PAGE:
This topic covers how to enable Dynamic DNS in Windows Server 2003, how to configure security so that only trusted clients can register their resource records, and how to maintain the zone to prevent accumulating outdated records.

    Configuring a Dynamic Zone

    After you have installed and configured a Windows Server 2003 running DNS, enable Dynamic DNS for a particular zone as shown in Procedure 5.18.

    Procedure 5.18 Configuring a Dynamic Zone

    1. Open the DNS console.

    2. Right-click the zone that you want to configure for Dynamic DNS and select PROPERTIES from the flyout menu. The Properties window opens.

    3. In the Allow Dynamic Updates drop-down box, select Yes.

    4. Click OK to save the change and return to the DNS console.

    5. Verify that dynamic registration works by opening a command prompt at a Windows Server 2003 client that is configured to use this DNS server and entering ipconfig /registerdns. The host record is added to the zone file automatically. You may need to refresh the console to see it.

    You must configure the reverse lookup zones for dynamic updates, as well. If you fail to do this, DNS will add A records but not PTR records when new clients come online.

    Managing Dynamic DNS Security

    If you enable Dynamic DNS with no security options, it is possible that a computer can come online with the same name as a host that is already in the zone and overwrite the A record. This has the potential to be very disruptive. Imagine that your company post office has the name MAIN-PO. A user could bring a workstation online called MAIN-PO and DNS would obediently overwrite the A record of the post office. If it is a malicious user doing this, you have a real problem.

    The only way to avoid this behavior is to integrate the zone into Active Directory and require that Dynamic DNS clients be members of the domain. This avoids overwrite problems because two computers are not permitted to have the same name in an Active Directory domain.

    After a zone has been integrated into the Directory, the resource records are protected by Active Directory object security. DNS clients that are not domain members cannot dynamically register their host records. Figure 5.16 shows a System log error from the DNSAPI service on a Windows Server 2003 DNS client that has attempted to register a host record when it is not a member of the domain.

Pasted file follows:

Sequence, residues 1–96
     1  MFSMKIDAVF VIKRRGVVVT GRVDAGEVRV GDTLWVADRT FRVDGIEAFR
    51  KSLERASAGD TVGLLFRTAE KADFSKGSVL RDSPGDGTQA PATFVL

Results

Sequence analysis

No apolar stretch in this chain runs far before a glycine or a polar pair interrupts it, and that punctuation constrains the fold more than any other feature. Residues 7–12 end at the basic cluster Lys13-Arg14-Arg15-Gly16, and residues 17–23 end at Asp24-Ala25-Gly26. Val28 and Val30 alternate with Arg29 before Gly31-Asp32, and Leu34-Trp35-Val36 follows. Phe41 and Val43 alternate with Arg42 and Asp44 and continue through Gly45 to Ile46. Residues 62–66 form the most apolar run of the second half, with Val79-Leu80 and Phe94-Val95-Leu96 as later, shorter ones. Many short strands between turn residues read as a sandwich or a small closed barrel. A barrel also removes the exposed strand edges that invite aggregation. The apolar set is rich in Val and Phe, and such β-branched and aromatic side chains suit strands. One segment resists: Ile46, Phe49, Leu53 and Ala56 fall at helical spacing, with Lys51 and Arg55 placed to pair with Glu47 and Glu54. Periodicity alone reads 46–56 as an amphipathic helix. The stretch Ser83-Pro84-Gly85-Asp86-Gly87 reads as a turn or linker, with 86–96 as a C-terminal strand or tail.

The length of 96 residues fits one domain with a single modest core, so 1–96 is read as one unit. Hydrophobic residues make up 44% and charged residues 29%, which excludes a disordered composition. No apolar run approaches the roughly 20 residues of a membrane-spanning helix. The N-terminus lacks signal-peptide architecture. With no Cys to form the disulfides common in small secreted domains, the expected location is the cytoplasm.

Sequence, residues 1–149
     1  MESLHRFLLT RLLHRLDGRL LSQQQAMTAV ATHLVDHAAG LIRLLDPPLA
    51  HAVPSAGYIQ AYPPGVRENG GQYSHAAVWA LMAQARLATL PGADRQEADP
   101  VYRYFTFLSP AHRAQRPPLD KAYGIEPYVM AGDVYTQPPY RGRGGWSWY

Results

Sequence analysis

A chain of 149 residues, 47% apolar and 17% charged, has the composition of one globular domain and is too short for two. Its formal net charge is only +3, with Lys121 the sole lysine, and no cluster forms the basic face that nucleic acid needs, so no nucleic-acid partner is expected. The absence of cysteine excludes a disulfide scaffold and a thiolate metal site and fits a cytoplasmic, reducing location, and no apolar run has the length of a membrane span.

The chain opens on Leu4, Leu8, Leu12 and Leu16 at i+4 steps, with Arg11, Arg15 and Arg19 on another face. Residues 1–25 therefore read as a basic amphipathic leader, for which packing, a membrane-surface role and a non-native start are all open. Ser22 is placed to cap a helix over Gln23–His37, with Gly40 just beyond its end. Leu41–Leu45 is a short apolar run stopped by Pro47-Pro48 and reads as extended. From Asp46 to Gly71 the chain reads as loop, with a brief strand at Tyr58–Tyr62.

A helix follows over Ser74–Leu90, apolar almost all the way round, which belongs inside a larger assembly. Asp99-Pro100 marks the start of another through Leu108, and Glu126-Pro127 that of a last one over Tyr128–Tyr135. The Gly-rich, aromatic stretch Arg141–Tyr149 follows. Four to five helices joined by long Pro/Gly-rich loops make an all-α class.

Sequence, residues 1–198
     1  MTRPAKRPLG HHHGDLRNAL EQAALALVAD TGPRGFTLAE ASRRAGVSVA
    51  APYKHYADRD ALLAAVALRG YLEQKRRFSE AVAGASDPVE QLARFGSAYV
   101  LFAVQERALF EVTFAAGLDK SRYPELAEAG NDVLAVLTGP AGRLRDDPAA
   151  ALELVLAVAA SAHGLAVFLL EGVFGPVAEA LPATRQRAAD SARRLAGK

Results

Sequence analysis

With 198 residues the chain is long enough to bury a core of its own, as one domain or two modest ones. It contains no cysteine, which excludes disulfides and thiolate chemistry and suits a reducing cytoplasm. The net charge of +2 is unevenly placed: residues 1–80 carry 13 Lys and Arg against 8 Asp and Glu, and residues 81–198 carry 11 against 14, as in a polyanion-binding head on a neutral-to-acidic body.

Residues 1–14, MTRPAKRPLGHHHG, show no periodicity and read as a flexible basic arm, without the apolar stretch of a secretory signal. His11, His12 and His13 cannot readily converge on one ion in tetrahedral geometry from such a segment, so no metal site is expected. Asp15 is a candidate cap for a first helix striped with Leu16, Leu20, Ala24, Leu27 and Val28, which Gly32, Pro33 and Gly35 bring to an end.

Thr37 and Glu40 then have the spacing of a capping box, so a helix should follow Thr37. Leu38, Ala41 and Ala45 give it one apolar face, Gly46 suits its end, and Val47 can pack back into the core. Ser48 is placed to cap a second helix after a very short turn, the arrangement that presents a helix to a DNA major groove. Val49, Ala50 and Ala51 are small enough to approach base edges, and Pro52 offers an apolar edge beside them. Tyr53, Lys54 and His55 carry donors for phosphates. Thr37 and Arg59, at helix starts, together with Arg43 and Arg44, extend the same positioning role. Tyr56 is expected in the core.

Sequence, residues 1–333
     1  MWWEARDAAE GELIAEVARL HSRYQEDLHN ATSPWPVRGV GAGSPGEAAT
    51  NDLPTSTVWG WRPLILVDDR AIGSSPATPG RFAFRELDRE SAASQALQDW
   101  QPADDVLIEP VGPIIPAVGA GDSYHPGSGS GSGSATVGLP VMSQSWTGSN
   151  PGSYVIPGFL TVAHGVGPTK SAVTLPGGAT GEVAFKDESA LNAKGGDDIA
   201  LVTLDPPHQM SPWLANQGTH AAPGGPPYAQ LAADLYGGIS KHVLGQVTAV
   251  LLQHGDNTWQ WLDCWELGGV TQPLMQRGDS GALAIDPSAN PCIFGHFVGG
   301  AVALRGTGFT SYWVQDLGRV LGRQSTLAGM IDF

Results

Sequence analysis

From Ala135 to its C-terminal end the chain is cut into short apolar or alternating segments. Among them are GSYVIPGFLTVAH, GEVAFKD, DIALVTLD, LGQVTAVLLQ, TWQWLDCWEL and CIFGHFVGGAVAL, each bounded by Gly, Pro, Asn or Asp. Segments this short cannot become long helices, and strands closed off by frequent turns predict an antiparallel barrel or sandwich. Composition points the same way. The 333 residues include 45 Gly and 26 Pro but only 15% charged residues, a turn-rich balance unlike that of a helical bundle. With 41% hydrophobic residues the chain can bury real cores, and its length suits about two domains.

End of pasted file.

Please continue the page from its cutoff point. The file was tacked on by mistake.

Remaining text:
Figure 5.16. Event Properties from System log showing rejected registration attempt by client that is not a domain member.

    graphics/05fig16.gif

    The disadvantage to this security method is that not all your desktops might be running a modern Windows client. They might not even be running Windows. You can dynamically register DHCP clients using Windows Server 2003 or Windows 2000 DHCP. See "Configuring DHCP to Support DNS" for details.

    Disabling DNS on an Interface

    If you do not Directory Integrate a dynamic zone, you can at least take steps to prevent outsiders from registering records on your server. If you have a DNS server with two network interfaces, for example, one connected to the public network and the other connected to the local network, you can disable DNS (and Dynamic DNS registrations) on the public interface. Do this by completing the steps in Procedure 5.19.

    Procedure 5.19 Disabling DNS on an Interface

    1. Open the DNS console.

    2. Right-click the server icon and select PROPERTIES from the flyout menu. The Properties window opens with the Interfaces tab selected.

    3. Under Listen On, select the Only the Following IP Addresses option.

    4. Use the Remove button to delete all but the private interface.

    5. Click OK to save the new settings and return to the DNS console.

    6. Close the console.

    Registry Tip: Dynamic Updates

    The Listen On option sets the following Registry value:

    Key:

    HKLM | System | CurrentControlSet | Services | TcpIp | Parameters | Interfaces | {GUID}

    Value:

    DisableDynamicUpdate

    Data:

    0x1 disables updates; 0x0 enables updates

    Configuring Scavenging